Everyone wants the best for their kids, and I’m no different.
One of the things I think is really important to have in place for our kids is to teach them about treating money responsibly.
But, how we make that happen?
I’ve spoken in an earlier vlog about a book by Ron Lieber, called The Opposite of Spoiled.
And in that book, Ron suggests employing a particular concept that you can explain to your kids and help them use it themselves.
Here is that simple concept and a supporting strategy to use with it:
- The fun ratio
The fun ratio involves calculating the number of hours of fun we are going to have against the dollar value that is spent on a particular toy or experience.
For example, if you estimate getting 10 hours of fun out of something that costs $1 million, then you can already tell that it isn’t going to be a great investment.
Whereas having 10 hours of fun from something that only costs $1 is a fantastic fun ratio.
If you can teach your kids how this ratio works, they will start to develop their own understanding of where value lies.
Not only that, but they can start making good decisions about how they spend their pocket money, as well as yours.
- Delayed gratification
In addition to the fun ratio, you can do something else to help your kids gain a responsible understanding of money.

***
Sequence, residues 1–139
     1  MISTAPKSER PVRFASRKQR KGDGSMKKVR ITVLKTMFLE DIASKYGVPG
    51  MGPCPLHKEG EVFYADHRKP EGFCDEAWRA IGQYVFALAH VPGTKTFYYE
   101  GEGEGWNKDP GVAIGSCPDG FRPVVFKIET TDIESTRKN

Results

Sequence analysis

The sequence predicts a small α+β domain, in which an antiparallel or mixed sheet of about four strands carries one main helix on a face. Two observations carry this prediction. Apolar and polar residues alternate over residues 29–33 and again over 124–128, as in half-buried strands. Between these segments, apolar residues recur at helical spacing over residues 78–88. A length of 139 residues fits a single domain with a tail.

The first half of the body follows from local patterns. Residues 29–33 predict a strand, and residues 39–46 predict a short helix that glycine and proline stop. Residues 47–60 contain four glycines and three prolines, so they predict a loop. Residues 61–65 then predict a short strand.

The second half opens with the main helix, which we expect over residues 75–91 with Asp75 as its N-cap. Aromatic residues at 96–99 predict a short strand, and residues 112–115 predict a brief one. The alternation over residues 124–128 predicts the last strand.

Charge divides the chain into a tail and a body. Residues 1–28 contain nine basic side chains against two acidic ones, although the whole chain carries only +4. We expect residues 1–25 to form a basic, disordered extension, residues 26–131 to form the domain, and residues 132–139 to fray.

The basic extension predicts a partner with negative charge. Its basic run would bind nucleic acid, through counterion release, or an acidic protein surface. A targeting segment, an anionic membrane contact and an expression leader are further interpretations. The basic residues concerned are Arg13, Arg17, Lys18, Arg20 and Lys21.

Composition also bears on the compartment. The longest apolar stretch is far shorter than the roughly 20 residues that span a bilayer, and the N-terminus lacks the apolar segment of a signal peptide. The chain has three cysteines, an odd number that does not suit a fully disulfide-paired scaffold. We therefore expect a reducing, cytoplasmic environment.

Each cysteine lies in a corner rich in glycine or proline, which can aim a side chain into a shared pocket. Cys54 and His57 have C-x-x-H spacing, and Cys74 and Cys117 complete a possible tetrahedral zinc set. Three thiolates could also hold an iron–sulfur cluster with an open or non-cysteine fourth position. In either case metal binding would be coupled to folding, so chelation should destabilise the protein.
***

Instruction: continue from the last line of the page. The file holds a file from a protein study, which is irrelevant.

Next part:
And that is, making sure your kids don’t always get the best thing in the marketplace as soon as it is released.
The problem is, if you let have them the latest things first, every time, they might not learn to value it as much as if they had to wait for it.
A good rule of thumb to follow is that every time something new is released, they are the fifth or seventh child within a circle of ten friends that get that item, if they get it at all.
This will teach your kids the power of delayed gratification – an excellent concept for later in life when you’re dealing with more complex financial matters, like property investment for example.
So, if you’ve got kids, give the fun ratio a try and watch them learn to treat money respectfully and responsibly as they move forward in life.